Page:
Friday, January 11, 2019

FFB: Midcentury Literary Ferment: some best-ofs from magazines and movements: TRIQUARTERLY, IF, SHORT STORY INTERNATIONAL, VENTURE SF, and other bohemian expressions

FFB: NO LIMITS edited by Joseph Ferman (Ballantine Books 1964); THE BEST OF TRIQUARTERLY edited by Jonathan Brent (Washington Square Press/Pocket Books 1982)

August 1964...aside from your servant, two other and more immediately impressive creations were introduced to a largely indifferent world. From Ballantine Books, an original publication collecting short stories, a novelet or three and a novella from the magazine Venture Science Fiction, which had published nine issues in 1957-58, before being formally merged with its elder sibling, The Magazine of Fantasy and Science Fiction (which Mills became the editor of, as founding editor Anthony Boucher moved on; Mills had been assisting at F&SFEllery Queen's Mystery Magazine, and the other Mercury crime-fiction magazines; after publishing Daniel Keyes's "Flowers for Algernon" and much else at F&SF as editor, he moved on to become one of the more important literary agents of his time). From Northwestern University, issue #1 of a newly reformulated little magazine, TriQuarterly, which in its initial series, beginning in 1958, had essentially been a campus-bound magazine devoted to student and faculty contributions; Charles Newman, who had come to Northwestern as a professor in '63, wanted to make a more sophisticated and widely-appealing project of the magazine. 

Both magazines were consciously and rather successfully attempting to advance the art of literature. Robert P. Mills, as editor of Venture (Joseph Ferman was its publisher, as head of Mercury Press), was hoping to feature sophisticated adventure fiction (hence in part the title), but also, as the contents took shape, sexual themes and somewhat greater attention to bringing emotional resonance to satirical sf became common factors of Venture's fiction...not least in the several contributions from Theodore Sturgeon, but also in the work of Avram Davidson, Algis Budrys, Leigh Brackett, Judith Merril, Poul Anderson, Walter Miller and C. M. Kornbluth, among others. If the magazine might not have had No Limits, there were certainly fewer in several ways than other magazines had imposed. Newman for his part wanted to make TQ a home for post-modernist fiction and poetry, and attendant nonfiction. It would, through the next decade and a half and a bit more, take on innovations in format and offer special theme issues devoted to specific writers (such as Sylvia Plath, Vladimir Nabokov and Jorge Luis Borges) and international literature and genres of fictional form and beyond (such as the visual issue 32, "Anti-Object Art" [1975], which was Newman's last as editor, and with guest editors Lawrene Levy and John Perreault; the cardboard covers featured a pocket containing five cards of photographs of Robert Smithson's "Spiral Jetty"); another issue was devoted to a narrative told in photographs.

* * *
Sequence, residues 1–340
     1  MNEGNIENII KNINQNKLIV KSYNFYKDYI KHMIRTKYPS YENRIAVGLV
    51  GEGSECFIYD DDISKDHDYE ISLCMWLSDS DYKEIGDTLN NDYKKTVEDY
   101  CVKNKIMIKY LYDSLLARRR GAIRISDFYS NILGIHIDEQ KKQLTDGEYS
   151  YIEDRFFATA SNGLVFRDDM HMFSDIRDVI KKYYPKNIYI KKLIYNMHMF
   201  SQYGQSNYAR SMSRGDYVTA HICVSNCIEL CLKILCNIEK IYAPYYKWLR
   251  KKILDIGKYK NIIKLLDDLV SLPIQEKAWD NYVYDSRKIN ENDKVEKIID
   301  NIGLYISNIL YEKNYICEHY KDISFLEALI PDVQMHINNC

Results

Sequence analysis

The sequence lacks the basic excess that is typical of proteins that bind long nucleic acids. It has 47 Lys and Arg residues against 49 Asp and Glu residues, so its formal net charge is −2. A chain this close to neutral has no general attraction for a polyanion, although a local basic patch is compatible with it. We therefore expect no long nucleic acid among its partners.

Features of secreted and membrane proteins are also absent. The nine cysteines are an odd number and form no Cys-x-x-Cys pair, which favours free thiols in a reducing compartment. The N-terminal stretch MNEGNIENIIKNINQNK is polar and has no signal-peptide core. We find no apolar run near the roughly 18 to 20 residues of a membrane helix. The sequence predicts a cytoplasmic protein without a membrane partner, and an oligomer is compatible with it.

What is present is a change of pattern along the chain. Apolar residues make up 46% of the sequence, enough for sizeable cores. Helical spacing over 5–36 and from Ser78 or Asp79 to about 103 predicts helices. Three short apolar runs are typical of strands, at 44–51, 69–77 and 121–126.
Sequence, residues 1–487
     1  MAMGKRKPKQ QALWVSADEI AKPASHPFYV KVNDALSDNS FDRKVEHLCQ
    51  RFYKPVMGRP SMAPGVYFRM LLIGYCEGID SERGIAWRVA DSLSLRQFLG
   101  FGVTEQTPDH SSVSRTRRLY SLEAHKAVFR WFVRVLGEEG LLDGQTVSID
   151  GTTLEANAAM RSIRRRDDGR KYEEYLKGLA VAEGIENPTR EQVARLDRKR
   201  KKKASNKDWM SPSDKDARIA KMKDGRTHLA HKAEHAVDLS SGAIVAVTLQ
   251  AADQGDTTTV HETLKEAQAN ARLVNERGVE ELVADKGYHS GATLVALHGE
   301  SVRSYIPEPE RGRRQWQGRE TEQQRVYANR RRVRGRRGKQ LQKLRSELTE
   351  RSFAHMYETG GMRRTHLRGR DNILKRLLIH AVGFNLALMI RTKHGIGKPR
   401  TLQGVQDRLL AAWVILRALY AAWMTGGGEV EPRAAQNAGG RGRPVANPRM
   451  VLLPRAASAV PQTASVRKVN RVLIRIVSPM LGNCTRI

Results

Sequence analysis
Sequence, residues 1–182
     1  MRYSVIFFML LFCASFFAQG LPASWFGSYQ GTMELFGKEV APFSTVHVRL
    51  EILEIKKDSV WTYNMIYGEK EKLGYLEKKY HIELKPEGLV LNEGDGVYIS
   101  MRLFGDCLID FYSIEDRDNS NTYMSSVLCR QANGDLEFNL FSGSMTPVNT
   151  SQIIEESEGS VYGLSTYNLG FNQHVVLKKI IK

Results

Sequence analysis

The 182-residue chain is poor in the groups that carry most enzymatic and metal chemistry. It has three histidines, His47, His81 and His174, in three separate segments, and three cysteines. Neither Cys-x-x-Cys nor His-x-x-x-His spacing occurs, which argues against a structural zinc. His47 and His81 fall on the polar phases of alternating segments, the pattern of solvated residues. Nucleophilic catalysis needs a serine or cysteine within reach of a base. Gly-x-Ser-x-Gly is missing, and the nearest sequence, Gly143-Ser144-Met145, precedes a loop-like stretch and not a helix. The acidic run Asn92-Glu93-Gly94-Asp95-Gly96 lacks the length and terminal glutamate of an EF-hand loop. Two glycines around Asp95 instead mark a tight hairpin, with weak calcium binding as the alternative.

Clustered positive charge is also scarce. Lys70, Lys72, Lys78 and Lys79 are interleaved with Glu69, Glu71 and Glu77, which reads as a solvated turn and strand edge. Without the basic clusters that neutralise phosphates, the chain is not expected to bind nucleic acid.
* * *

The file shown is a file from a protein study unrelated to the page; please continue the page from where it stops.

Venture had a UK edition (and an otherwise identical, two-months delayed Australian edition) from 1963-65, which published more issues than the two US editions combined, reprinted a different mix of stories from the US edition, and immediately added stories from F&SF, under the editorship of Ronald Wickers. The Fermans (Joseph's son Edward started editing F&SF and other Mercury Press magazines in the mid-'60s, including probably ghost-editing No Limits) relaunched Venture for another short run in 1969. TriQuarterly continued under the editorship of Elliott Anderson, eventually co-editing with Robert Onopa and Jonathan Brent, for the balance of the '70s. Then, in the wake of too many issues of interesting work (apparently the science fiction issue was the Last Straw, for a university which also cancelled its English department sf course reportedly for being too popular, following a western issue and one devoted to Love/Hate that featured some elegant but straightforward-seeming feminist adventure fiction), first Onopa, then Anderson, then Brent (who was formally editor of one issue only) were fired from the magazine and replaced by one Reginald Gibbons, who was very careful to minimize the achievements of the previous editors at every opportunity over his decade as editor, which resulted immediately in the magazine becoming much less innovative and much less widely-admired--more conventional and less important, and eventually in TQ becoming a grad-student-staffed webzine. The 20th anniversary issue/anthology, edited by Gibbons and Susan Hahn, doesn't at any point acknowledge this book. 

There are at least mildly classic stories in these anthologies, and at least several others in the case of each author that might've been opted for instead...Kornbluth's "The Education of Tigress Macardle" is the more humorous side of the same coin that inspired his unfinished story, completed by Frederik Pohl as "The Meeting" ("Two Dooms" might've been included